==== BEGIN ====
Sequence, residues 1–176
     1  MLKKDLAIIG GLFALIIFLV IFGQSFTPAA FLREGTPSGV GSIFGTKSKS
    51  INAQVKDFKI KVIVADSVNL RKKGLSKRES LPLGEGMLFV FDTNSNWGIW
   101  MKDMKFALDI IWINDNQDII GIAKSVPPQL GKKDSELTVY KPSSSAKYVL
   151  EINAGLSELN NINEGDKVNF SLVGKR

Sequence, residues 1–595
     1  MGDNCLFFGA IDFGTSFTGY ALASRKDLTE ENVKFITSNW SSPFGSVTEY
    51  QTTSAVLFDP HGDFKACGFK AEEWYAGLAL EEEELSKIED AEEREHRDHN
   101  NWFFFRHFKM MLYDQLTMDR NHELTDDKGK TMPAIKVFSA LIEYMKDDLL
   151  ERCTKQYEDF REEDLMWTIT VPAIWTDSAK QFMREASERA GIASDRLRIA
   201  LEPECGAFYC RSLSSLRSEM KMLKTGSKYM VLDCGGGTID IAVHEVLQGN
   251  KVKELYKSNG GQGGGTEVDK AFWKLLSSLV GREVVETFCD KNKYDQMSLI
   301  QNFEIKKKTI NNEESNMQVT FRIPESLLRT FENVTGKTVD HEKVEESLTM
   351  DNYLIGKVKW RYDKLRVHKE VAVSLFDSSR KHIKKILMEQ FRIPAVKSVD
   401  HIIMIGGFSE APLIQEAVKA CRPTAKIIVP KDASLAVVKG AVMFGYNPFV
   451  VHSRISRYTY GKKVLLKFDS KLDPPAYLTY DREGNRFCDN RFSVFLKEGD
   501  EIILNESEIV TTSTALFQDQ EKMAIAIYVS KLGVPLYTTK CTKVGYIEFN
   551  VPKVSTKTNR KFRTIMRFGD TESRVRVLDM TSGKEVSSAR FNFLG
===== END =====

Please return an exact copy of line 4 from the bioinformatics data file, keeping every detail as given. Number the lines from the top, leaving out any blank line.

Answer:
   101  MKDMKFALDI IWINDNQDII GIAKSVPPQL GKKDSELTVY KPSSSAKYVL